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China: Remembering Tiananmen 25 years on

As an IT entrepreneur, Zhang Lei often thinks about the future. But these days he's reflecting on the past; Zhang was a student in Beijing on June 4, 1989, when the government cracked down on pro-democracy protesters at Tiananmen Square.

"[At the time] I made calls to my classmates to find out the latest and ask about their safety," Zhang said from his office in the Chinese capital. "I felt just how big of a change and a turning point it was. This event will be something that a generation of Chinese will never forget."

In the weeks leading up to the 1989 crackdown thousands of students marched to Tiananmen Square calling for a more democratic government. The demonstrations quickly attracted citizens from all walks of life, ballooning to an estimated 1.2 million. Then on June 4th, Chinese troops fired on protesters, killing, by unofficial accounts, anywhere from hundreds to thousands.

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"Everybody was scared. They didn't know where the government was going. They were still rounding up people. It was a very tense time," said James McGregor, China chairman of consultancy APCO Worldwide, who worked as the bureau chief for the Wall Street Journal from 1990 to 1994.

"I used to ride my bicycle around and talk to people at night in the dark. That's when they will talk to you because they were anonymous," he added.

Twenty-five years later the ruling Communist Party remains tense about that day. The days around the anniversary are always politically sensitive, with dissidents routinely detained to silence any discussion of the 1989 protests. On the 25th anniversary of the Tiananmen Square crackdown, however, the security apparatus is in overdrive. Even journalists have been warned not to report from the square.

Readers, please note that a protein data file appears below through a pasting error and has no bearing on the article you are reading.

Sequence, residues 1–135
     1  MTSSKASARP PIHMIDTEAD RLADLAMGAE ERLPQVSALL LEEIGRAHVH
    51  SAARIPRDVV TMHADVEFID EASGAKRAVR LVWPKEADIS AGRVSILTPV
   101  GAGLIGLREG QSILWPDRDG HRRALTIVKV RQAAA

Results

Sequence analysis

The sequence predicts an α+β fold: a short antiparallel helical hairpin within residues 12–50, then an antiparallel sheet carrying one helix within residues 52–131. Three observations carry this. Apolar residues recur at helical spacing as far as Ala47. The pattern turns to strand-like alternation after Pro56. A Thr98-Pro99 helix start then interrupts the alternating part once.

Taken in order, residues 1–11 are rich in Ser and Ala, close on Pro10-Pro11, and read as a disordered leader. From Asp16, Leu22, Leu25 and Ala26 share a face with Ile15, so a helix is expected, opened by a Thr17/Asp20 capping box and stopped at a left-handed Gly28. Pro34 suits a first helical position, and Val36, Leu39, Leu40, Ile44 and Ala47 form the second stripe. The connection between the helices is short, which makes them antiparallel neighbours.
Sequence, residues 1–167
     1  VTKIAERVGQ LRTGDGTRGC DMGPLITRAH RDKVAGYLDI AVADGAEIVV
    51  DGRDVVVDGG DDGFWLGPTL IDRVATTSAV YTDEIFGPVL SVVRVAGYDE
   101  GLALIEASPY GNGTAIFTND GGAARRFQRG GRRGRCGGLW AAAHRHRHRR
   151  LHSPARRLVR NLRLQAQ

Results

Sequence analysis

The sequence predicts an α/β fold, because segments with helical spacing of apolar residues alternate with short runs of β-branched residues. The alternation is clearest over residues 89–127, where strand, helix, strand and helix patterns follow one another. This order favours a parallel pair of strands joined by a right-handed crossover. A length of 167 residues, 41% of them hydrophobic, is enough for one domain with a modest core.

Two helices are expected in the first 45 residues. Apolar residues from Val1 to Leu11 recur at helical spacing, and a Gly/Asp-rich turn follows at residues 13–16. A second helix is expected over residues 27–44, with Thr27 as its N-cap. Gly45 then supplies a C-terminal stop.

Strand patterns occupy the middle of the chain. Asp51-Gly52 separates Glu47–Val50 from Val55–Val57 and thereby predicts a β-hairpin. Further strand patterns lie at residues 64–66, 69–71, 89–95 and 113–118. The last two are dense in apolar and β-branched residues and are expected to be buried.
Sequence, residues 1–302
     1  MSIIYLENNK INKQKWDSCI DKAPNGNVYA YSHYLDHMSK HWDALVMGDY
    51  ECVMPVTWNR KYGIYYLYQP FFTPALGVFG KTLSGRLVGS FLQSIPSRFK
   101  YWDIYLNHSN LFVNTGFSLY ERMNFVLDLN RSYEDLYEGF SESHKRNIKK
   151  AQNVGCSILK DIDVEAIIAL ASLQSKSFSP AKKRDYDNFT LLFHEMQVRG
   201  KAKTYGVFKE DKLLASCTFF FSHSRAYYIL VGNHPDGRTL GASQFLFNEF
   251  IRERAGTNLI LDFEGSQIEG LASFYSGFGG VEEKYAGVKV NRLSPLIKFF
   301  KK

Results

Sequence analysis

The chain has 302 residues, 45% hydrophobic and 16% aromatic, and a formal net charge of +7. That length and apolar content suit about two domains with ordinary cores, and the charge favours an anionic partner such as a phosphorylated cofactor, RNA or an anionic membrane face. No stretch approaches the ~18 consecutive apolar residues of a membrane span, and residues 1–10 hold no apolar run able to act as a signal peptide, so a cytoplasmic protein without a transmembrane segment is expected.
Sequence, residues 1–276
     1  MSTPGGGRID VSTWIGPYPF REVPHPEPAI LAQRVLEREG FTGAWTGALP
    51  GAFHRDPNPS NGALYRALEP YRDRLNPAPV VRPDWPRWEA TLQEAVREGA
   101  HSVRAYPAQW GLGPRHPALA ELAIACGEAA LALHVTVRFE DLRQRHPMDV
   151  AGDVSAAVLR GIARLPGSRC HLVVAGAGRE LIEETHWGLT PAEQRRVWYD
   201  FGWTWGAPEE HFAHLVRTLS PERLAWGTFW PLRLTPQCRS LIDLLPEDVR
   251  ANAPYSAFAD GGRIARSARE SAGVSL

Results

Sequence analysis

A Chinese officer stands guard under a portrait of the late Mao Zeding outside the Forbidden City at Tiananmen Square on June 2, 2014.
Kevin Frayer | Getty Images
A Chinese officer stands guard under a portrait of the late Mao Zeding outside the Forbidden City at Tiananmen Square on June 2, 2014.

In many ways China is a different place now. After 1989, leaders pushed through economic reforms, opening the country to the world. The economy – the world's second largest – is almost unrecognizable. Chinese drive foreign-branded cars and drink lattes -- and people like Zhang are free to start their own businesses. His company develops apps for the high tech wireless industry.

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"I understand the government and officials. They want to be safe - to have a continuation of power and stability in China," Zhang said. "At the same time, as citizens we also feel there are problems under the political system."

Protests now focus on issues such as the environment, land and ethnic rights. Dissenting views occur more online than in city squares. The government's response has been tighter control over the internet, dissidents, and unrest.

"Tiananmen is just another piece of baggage. The Party doesn't want to talk about that. It's still dragging behind, and they are running as fast as they can away from it. It will catch up someday," McGregor said. "They are hoping, I think, that they are strong enough at that time that the Party can weather that."

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Until then, Zhang says his generation will remain haunted by the government's silence.

"That event, in one way, did end. People died, things calmed down, and it seems that what followed was prosperity and peace for China," Zhang said. "However, at the same time, it brought with it a lot of negative consequences. And as long as these exist, that event will never truly end."

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